Service Continuity Strategy
Defining the appropriate risk reduction measures and continuity of operations plan:
Address availability management options including the elimination of single points of failure;
Considerations around outsourcing services to more than one provider;
Greater security controls;
Appropriate backup and recovery tools and methodologies;
Further defined recovery options:
The plan provides for a balance between the cost of risk reduction measures and recovery options.
Business Impact Analysis Document
Documents the mission critical processes that are supported by the current Information Systems, the level of disruption experienced in the event of a disaster and the overall recovery time requirements. These elements assist in defining the appropriate strategies for system recovery and resumption purposes. In addition, this document will identify the threats, risks and likelihood of a serious disruption to services.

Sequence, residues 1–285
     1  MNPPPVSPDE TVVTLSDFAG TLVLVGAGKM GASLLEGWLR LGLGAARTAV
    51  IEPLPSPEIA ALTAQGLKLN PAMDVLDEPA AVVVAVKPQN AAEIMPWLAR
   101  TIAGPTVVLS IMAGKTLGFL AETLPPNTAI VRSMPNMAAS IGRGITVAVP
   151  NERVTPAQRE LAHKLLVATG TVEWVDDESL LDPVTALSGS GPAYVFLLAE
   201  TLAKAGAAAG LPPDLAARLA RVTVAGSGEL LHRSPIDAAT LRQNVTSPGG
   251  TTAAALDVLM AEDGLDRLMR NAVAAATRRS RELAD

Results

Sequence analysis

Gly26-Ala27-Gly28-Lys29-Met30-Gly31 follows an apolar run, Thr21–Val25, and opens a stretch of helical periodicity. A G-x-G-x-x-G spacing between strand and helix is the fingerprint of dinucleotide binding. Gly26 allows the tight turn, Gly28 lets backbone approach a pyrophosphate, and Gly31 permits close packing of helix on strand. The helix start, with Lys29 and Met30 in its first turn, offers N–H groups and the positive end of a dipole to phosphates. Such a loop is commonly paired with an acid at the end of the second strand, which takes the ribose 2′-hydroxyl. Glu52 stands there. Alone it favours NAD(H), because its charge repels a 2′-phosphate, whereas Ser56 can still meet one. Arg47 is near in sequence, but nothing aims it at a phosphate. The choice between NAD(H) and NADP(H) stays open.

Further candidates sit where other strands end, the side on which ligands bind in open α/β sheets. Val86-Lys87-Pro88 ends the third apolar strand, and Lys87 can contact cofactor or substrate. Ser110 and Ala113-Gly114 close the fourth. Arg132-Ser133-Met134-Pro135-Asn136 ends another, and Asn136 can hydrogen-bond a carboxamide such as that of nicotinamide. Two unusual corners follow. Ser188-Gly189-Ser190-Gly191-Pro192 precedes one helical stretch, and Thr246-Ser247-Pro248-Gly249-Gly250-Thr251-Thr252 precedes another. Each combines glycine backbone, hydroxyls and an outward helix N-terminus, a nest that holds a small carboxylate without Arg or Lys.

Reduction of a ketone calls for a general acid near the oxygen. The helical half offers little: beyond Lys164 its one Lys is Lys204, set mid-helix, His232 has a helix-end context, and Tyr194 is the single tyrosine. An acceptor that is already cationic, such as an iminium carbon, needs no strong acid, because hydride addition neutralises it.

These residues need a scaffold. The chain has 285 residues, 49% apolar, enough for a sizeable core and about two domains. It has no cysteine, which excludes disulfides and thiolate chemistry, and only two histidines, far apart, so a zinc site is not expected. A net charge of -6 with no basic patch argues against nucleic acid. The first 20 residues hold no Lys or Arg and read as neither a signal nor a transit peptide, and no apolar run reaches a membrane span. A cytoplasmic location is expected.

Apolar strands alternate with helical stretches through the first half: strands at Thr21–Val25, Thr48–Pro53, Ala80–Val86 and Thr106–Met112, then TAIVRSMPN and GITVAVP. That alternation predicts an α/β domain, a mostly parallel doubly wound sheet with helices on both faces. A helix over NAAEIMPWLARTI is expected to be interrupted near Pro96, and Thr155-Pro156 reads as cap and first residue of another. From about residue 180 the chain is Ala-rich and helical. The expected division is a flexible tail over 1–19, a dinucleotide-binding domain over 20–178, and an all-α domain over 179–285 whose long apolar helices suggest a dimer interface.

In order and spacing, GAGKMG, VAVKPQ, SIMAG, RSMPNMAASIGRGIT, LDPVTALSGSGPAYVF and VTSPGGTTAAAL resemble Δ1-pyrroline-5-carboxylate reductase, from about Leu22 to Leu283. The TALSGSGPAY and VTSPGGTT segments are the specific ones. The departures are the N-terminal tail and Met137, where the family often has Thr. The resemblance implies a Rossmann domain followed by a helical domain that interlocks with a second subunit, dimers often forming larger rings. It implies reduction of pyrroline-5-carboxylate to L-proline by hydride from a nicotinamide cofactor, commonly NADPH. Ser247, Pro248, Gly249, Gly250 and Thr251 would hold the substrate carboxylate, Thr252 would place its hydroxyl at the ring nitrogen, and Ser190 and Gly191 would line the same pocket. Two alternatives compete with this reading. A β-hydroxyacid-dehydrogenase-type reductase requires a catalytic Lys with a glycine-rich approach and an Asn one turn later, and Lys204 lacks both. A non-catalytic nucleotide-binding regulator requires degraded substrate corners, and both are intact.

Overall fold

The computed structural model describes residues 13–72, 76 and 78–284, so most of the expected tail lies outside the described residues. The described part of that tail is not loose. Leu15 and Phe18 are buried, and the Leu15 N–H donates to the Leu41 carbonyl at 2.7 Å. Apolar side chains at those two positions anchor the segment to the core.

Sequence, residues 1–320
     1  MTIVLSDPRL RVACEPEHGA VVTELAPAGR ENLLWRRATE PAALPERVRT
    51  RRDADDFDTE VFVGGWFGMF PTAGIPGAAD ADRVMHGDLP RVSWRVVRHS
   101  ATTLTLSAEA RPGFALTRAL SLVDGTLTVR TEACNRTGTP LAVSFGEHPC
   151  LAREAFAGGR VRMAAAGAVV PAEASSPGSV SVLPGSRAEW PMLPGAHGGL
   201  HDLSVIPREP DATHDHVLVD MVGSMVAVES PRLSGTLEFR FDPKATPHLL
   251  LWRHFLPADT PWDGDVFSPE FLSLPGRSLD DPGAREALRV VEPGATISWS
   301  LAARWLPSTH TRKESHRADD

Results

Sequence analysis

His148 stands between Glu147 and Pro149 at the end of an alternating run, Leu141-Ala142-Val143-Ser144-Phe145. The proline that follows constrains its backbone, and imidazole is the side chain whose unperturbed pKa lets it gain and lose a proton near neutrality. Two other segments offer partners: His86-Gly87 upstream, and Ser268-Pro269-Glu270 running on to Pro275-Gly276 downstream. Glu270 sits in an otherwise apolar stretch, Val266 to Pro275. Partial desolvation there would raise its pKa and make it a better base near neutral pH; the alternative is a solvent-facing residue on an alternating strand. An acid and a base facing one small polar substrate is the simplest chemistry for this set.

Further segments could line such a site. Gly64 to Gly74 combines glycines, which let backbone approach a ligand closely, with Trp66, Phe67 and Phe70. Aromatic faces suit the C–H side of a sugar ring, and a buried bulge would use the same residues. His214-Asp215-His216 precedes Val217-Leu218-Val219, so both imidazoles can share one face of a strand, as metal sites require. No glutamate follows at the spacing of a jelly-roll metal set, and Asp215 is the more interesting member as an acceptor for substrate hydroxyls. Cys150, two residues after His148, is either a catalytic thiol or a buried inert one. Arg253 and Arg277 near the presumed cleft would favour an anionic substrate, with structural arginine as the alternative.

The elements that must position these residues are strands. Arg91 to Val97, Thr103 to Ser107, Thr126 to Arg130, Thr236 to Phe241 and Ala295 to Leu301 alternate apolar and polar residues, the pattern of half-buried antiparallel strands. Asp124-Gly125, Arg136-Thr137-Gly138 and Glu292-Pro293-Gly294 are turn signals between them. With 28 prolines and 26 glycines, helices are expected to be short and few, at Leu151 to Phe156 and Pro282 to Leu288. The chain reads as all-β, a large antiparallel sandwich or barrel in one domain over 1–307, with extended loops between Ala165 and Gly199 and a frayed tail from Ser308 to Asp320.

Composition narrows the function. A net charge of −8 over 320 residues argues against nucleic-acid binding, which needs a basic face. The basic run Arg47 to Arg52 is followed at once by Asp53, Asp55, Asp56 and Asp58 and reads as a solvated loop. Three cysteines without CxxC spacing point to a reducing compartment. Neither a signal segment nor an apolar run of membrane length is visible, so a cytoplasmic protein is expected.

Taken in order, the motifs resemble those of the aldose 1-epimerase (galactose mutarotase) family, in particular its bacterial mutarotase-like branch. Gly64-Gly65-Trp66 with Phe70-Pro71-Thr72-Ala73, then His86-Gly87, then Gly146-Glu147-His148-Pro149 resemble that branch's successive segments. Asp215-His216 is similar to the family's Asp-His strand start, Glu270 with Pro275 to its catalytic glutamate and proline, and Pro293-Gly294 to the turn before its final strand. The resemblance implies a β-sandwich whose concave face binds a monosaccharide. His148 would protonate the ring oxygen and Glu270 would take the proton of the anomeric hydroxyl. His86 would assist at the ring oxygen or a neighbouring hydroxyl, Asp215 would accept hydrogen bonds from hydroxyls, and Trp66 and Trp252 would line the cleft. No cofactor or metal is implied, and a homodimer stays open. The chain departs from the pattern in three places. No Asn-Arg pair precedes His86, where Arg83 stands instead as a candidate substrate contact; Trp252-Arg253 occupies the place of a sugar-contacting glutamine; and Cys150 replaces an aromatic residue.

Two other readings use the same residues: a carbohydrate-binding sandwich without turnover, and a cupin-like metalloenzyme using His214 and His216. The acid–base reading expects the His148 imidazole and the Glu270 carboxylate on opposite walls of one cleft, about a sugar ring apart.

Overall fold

This model provides the organization with a graphical representation of the identified threats and vulnerabilities including the likelihood of occurrence. This assists in obtaining “buy in” from the organization in terms of setting priority and criticality to affected systems as well as the priority of remediation activities.
Service Continuity Plan
The Service Continuity Plan defines the most appropriate methods of service recovery options and risk reduction measures. In addition, cost estimates, levels of efforts, and defined roles and responsibilities to execute are defined to implement the appropriate solutions.
Service Continuity Kick Start Templates
Business Impact Analysis approach for future assessments;
Systems documentation template;
Crash kit contents;
Communication Plans (notification procedures);
Roles and responsibilities template;